We made a left turn and negotiated around several boats all attempting to go into that marina at the same time. But we headed up the Ashley River, went under the dual Ashley Memorial Bridges (US 17), and prepared to dock at the Safe Harbor Bristol marina; original home of our wonderful Island Office. But as we were preparing to dock the boat with the wicked current running through this area, the paddle on the helm deck for our bow thruster broke. Mark had no control of the thruster and limited control of the boat. So he backed us out of the marina fairway back into the river until we could figure out what to do. In the meantime, two other boats were coming into the marina and didn’t understand why we were backing out, so they tried to move around us. It made for a harrowing few moments but we all managed to keep from colliding.
Once back out in the river, Denise drove while Mark tried to fix the plastic handle that had broken completely off. He managed to get it to a point that it was usable, so we once again attempted to dock. This time we were more successful, thanks to the helping dockhands at Bristol, and Maria (pronounced Mariah) our favorite contact at Coastal Carolina Yacht Sales. Once the boat was settled we were able to explain to them what happened and thank them for their assistance.
After spending some time trying to fix the broken paddle unsuccessfully, Mark began the process of locating a new one. Unfortunately, once he talked to the manufacturer he learned the whole unit had to be replaced, and it wasn’t going to be cheap. (BOAT – bring on another thousand)! Mark was able to talk to find the unit at Defender (online marine supply store), but Maria was also able to get a favorable dealer pricing and (hopefully) get it shipped here in the next two days. We intended to spend 2 nights here anyway, so this should not delay our plans too much.
Once all of this was investigated and the part was ordered, we got down to other issues that needed to be addressed. Denise had been advised that the memorial service for her friend Leslie (who unexpectedly died last year) would finally be held on Friday, April 30th. The pandemic had kept the family from traveling and it was now scheduled. Having been informed of this and contemplating Denise going home for the service, Mark contacted his NC client and sold them on a few consulting days while we would be in the area. With this secured, we altered our plans slightly and secured a marina slip in New Bern, NC for a week. Denise then made travel arrangements to fly out of New Bern on Thursday, and return to the boat on Saturday 5/1. She will be home less than 48 hours, but it will also afford her the opportunity to bring things home that we don’t need on the boat, and pick up a few things we have decided we should have brought with us this trip.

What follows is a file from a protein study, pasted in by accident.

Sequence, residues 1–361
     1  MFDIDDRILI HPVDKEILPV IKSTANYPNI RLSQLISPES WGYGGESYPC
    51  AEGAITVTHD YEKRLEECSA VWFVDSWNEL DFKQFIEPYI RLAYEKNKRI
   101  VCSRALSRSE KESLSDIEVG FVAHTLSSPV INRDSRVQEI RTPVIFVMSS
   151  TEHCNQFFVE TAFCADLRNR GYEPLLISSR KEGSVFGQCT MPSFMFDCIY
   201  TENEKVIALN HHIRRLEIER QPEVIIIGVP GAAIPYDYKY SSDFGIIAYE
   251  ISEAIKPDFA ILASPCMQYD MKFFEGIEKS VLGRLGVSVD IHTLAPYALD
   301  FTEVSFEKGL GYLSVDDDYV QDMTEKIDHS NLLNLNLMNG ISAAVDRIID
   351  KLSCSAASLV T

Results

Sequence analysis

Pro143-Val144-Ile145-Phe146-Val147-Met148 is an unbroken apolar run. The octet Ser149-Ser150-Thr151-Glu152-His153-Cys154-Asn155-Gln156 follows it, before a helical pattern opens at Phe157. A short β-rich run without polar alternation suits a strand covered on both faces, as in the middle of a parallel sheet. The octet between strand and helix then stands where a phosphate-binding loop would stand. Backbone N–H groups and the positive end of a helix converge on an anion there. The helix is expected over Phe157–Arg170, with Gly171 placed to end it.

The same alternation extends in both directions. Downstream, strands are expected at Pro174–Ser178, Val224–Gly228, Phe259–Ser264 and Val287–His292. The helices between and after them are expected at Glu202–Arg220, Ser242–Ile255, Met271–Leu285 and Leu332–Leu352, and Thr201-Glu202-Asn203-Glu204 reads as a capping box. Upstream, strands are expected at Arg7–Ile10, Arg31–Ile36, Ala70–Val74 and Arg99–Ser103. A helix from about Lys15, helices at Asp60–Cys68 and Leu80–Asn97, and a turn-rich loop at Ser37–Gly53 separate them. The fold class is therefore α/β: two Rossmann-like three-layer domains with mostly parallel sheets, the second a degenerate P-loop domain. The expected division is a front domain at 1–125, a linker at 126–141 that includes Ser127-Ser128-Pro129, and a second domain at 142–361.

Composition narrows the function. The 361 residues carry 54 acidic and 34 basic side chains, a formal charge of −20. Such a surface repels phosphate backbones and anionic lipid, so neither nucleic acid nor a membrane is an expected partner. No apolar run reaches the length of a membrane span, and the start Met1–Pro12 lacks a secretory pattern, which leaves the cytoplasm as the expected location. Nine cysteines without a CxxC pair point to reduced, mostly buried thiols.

It was late when we finished up all that we had to do and we really didn’t feel like going downtown for a dining out option. One of the best things about this marina is that it is located directly across the street from a new Publix. It could not be more convenient! So, we walked across the street, picked up a few grocery items, a rotisserie chicken (Denise), and fried chicken (Mark) and came back to the boat for dinner and a quiet evening.
Charleston, SC – Wednesday, 4/21
Today was going to be a windy day and we were so glad that we were not going anywhere. Although it was sunny and the temperature was perfect, the wind started early and we were thankful to be tied to a dock.